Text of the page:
You can be on Entrepreneur’s cover!

Yes, AI Can Make Company Websites Accessible to All Three takeaways from sitting down with accessiBe CEO Shir Ekerling.

By Jennifer Spencer

entrepreneur daily

Opinions expressed by Entrepreneur contributors are their own.

Hero Images | Getty Images

Most of us take Internet connectivity and accessibility for granted. As active members of the digital age (with an ever-growing number of people being born into it), the connected life has truly become a normal part of our every day. However, that is not necessarily the case for people with disabilities. As Brian Wang writes for Next Big Future, "Web design and other elements managed to build a wall between online platforms and those with disabilities, making them only half as likely to access technology and creating a significant data divide for more than 56 million people in the U.S. with a disability." It's an oversight that has neglected a powerful customer base by restricting its access to platforms due to limited navigation capabilities.

Business owners carry a responsibility to make their websites accessible to all users. It's a matter of altruism -- accessibility is the obvious moral position -- but it's also a matter of legality. Now is the time for public and private platforms to adapt, and the power of AI can help make that process easier than ever.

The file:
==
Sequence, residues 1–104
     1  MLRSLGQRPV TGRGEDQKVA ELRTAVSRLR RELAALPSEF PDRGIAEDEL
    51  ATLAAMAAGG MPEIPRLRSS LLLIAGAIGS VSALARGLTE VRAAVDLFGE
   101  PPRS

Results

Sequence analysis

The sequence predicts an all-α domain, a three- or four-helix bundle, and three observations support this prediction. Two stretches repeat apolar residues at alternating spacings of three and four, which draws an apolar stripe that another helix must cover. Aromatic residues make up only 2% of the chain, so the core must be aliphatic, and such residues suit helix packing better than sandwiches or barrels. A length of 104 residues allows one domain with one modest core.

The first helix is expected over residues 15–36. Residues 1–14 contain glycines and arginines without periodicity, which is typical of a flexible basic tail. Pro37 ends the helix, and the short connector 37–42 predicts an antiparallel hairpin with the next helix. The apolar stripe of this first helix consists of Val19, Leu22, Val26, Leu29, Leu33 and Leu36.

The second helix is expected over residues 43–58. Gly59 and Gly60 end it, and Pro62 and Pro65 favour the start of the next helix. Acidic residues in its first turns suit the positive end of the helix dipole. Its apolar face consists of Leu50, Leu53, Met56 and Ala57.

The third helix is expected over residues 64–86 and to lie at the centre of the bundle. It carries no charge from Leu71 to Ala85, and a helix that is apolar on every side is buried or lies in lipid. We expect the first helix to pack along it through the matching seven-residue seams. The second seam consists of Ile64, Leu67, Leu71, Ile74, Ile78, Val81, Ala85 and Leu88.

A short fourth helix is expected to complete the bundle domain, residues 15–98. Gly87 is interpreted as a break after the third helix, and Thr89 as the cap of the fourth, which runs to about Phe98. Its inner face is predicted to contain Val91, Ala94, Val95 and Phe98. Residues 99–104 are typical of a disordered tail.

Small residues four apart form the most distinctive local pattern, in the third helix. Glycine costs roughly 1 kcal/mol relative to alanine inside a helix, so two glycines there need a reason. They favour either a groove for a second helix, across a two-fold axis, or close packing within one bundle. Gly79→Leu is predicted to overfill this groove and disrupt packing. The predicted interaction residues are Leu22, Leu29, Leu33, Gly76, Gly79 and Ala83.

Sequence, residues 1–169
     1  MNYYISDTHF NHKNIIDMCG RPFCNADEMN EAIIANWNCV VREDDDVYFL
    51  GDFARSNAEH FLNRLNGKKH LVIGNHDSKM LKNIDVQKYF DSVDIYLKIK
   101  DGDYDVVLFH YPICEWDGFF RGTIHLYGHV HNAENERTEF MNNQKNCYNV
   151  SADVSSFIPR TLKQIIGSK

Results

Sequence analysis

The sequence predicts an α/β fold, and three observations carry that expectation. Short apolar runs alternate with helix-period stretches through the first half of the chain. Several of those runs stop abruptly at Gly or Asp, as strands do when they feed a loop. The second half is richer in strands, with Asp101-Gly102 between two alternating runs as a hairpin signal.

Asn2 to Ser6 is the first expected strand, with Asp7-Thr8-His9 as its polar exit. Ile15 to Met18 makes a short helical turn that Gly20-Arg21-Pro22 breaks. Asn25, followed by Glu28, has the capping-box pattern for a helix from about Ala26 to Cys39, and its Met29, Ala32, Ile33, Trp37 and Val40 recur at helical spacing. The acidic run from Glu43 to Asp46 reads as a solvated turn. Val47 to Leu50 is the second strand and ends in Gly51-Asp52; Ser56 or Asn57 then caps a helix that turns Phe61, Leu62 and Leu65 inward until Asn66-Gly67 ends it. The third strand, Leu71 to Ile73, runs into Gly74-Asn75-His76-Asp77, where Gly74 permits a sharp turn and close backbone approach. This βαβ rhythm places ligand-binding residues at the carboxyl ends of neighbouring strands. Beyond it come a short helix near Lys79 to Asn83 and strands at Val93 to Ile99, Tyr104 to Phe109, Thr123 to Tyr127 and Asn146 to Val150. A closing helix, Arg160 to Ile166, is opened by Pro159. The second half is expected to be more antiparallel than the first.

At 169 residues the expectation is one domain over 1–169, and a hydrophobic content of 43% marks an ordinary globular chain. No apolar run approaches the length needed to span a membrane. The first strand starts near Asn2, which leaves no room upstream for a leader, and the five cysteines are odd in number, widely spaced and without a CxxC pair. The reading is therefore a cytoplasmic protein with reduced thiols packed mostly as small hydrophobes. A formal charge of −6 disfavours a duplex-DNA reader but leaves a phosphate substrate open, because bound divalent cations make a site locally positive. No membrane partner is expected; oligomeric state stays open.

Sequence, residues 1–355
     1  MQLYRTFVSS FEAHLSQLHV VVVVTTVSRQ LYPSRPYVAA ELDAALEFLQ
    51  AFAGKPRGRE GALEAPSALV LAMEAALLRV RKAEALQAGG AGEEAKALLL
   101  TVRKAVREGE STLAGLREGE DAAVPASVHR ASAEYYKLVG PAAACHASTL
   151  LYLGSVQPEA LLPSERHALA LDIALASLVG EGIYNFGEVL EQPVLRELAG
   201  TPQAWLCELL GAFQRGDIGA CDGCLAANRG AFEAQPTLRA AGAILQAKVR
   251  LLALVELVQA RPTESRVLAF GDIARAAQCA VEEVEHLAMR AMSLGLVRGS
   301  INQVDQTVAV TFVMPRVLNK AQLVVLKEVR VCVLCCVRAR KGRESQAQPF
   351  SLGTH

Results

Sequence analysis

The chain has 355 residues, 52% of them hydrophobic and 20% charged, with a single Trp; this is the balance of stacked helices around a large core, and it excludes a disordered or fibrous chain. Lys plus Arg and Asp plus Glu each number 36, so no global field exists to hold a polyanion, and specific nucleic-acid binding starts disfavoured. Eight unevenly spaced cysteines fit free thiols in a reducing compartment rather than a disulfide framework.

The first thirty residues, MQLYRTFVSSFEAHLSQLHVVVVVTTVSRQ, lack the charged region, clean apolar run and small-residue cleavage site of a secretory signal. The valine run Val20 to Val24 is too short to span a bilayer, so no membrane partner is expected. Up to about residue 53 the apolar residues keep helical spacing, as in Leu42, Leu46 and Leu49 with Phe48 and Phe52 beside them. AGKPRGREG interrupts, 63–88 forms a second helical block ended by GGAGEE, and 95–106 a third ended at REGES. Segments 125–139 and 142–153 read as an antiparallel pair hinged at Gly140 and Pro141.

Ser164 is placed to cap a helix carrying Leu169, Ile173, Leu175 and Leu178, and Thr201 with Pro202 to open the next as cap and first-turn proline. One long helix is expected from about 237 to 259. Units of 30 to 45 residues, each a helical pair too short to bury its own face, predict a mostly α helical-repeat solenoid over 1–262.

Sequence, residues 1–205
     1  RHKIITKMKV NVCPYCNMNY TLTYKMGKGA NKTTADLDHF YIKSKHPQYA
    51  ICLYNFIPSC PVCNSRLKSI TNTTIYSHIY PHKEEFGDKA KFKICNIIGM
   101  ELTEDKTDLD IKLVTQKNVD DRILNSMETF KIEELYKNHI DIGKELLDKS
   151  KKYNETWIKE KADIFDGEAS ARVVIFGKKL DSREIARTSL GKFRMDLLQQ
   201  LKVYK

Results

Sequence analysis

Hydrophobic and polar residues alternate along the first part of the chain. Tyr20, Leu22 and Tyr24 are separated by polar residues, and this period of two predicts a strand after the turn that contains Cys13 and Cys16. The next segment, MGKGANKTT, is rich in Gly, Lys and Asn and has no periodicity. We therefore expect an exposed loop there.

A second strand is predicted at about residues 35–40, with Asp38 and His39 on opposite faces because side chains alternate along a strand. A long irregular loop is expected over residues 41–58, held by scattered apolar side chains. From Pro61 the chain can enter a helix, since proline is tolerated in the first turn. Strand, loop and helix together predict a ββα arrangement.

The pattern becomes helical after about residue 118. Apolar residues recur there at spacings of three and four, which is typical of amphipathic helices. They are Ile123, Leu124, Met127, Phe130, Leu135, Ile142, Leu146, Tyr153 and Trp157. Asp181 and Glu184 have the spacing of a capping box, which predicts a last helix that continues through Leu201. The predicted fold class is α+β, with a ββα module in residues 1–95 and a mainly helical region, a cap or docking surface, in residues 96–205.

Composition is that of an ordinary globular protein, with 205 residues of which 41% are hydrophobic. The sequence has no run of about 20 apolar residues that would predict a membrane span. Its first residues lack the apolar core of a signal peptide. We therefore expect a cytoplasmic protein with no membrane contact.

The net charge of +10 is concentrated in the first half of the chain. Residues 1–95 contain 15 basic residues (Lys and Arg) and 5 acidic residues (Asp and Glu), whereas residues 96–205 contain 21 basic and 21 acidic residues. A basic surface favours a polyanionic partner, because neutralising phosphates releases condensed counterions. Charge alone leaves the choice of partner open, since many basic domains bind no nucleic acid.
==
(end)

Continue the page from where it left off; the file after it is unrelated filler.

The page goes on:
Shir Ekerling, co-founder and CEO of AI-powered web-accessibility tool accessiBe, has a history of establishing and scaling companies over the years, such as leading web design- and development-agency Ekerbase. But his current mission is making truly accessible internet an achievable reality for companies as a built-in component of their website's infrastructure. I sat down with him to learn more about the issues surrounding web accessibility and what entrepreneurs are doing to solve it, and here are my top three takeaways from that conversation.

Related: Employing Individuals With Disabilities May Solve Your Talent Crisis

1. There are more than 50 types of disabilites.

It's safe to say that a significant portion of web designers and developers do not factor in the disabled when laying out the groundwork for their sites. Of those that do, they may only consider the deaf or blind while working on UI/UX. But there are still significant populations being excluded.

For instance, people who suffer from motor impairments require specific optimization of keyboard navigation to be able to do more with fewer keys. People with cognitive impairments need built-in dictionaries so they can comprehend sophisticated language and slang. Those suffering from epilepsy must be able to enjoy the internet without fear of lights and animations that blink and flicker. And of course, people with visual impairments need adjustments in terms of colors and alterations of font size, spacing, cursors and more.

2. The disabled have the law on their side.